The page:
Access Special Features, Register Now!

Bear Canister Alternatives?

I know I'm supposed to use a bear canister all the time in bear country but they're really bulky. If I'm going on an overnight trip, do I really need one? And if I do, is there a sealable bag option that might work


I know I’m supposed to use a bear canister all the time in bear country but
they can be bulky. If I’m going on an overnight trip, do I really need
one? And if I do, is there a sealable bag option that might work?

Submitted by - Dean, Boulder, CO


Oh, bears. They sure can be pesky—whether it’s an overnight trip of a three-week one, they don’t discriminate. If they happen upon your campsite and your food is accessible (and yes, ziplock bags inside regular stuffsacks, even ones hung from trees, can still be accessible) they will go for it.  The only “bearproof” bags I know of are Ursacks ( They’re made from bullet proof material that has thwarted many a bear (read all about their testing on the Ursack website and check out the video below of a bear going to town on one of their sacks).

My colleagues and I have used Ursacks without incident for many years, and they certainly are less bulky (and easier to pack) than hard-sided canisters. They are not approved for use in some areas, though, so be sure to check with the land manager to find out about the legalities.

Here are some tips for using Ursacks:

  • Invest in an odor-resistant liner, the OPsack that the company also sells. They ‘re made from a special film that is supposedly 17,000 times more odor resistant than other plastics. But more importantly, they keep your contents waterproof, which is one of the benefits of a sealed, hard-sided container.
  • Hang them if you can and if it’s legal. It just makes sense. If a bear does find it, and plays soccer with it all night, your breakfast could be hard to locate by the time you wake up. If no trees are around, Ursack suggests hanging it from a rocky cliff (using climbing protection) if you can, because black bears, while good tree climbers, typically can’t handle more than 5.2 or 5.3 rock climbs. Note: Some areas in the Sierra do not allow Ursacks to be tied to any fixed object, because they’re concerned with the bears damaging the trees. If you can’t hang it, place it on the ground away from your campsite (about 100 feet should do it).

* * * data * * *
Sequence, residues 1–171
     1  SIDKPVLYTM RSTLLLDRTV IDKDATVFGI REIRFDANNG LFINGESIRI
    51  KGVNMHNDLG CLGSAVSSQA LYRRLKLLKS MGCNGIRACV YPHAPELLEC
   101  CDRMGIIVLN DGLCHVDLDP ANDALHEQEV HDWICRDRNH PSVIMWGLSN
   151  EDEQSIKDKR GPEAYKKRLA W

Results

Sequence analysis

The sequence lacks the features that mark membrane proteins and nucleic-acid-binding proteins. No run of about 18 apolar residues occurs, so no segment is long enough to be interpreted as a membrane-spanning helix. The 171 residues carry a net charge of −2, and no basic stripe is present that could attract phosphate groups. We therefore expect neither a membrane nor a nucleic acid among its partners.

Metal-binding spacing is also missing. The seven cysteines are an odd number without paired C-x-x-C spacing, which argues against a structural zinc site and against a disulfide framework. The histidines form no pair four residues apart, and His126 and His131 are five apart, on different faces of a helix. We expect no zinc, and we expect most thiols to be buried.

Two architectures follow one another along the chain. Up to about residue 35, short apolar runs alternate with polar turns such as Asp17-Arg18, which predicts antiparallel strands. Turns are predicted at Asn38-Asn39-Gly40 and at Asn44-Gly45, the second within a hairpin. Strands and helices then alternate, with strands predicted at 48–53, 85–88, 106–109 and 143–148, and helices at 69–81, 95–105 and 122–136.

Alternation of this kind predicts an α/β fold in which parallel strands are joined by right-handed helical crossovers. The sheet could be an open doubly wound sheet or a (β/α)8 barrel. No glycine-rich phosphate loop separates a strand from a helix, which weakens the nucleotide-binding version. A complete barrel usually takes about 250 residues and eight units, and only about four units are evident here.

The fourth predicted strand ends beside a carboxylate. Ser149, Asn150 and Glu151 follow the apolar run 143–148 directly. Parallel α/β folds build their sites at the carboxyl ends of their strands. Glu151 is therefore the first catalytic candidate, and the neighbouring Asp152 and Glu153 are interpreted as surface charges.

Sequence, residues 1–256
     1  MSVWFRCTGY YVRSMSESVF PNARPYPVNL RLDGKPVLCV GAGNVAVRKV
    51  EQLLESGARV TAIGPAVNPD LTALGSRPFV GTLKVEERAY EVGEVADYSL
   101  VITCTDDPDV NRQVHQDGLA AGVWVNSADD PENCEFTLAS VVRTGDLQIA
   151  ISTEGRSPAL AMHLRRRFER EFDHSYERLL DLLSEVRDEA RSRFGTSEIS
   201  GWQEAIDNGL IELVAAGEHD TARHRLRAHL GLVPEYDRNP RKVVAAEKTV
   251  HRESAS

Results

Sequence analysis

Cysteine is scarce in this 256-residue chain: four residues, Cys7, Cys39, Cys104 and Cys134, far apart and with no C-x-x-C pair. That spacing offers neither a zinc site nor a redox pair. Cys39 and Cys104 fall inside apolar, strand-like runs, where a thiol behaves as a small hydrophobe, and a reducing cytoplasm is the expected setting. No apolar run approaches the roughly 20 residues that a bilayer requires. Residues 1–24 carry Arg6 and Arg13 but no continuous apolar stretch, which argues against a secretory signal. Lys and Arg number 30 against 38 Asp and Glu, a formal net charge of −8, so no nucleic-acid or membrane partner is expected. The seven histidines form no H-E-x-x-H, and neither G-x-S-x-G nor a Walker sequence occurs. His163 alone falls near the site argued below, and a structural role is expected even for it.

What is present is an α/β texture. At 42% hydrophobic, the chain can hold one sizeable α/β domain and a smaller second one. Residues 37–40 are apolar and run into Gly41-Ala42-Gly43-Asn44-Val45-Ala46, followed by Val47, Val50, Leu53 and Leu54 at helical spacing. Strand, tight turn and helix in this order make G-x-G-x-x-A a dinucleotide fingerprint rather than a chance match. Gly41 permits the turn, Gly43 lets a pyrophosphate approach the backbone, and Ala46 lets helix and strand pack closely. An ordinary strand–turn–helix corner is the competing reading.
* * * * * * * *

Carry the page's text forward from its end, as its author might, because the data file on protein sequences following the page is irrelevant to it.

• Cinch and tie them. Be sure the cord lock is tightened to the max so there is no gap and tie with a tight overhand knot. The website has good visual descriptions on this technique.

On a sidenote, I recently caught wind of some “bearproof” coolers that are intended for campground use and fishermen.  I haven’t used these coolers, but the key seems to be rugged construction with a bomber closing mechanism—many coolers have these features. Still, when I’m car camping in bear country, my precious cooler full of microbrews and bratwurst will be safely stored in my car. Ain’t that why they call it car camping? — Kristin

1 Comment

  1. Brony

    We don’t have bear problems in Australia, but we do have wombats happy to bulldoze into anything to get food, Currawongs who’ve learnt to undo zips on your pack, and gangs of possums who’ll rip antthing to get your scroggin. At least no-one ever dies consequential to an animal feasting on your snacks. Yet there’s not really anything made or sold here for the problem. I have ordered an Ursack minor and will put it to test this summer. You guys can keep the bears, I’ll happily deal with possums, spiders and snakes.

Leave a Reply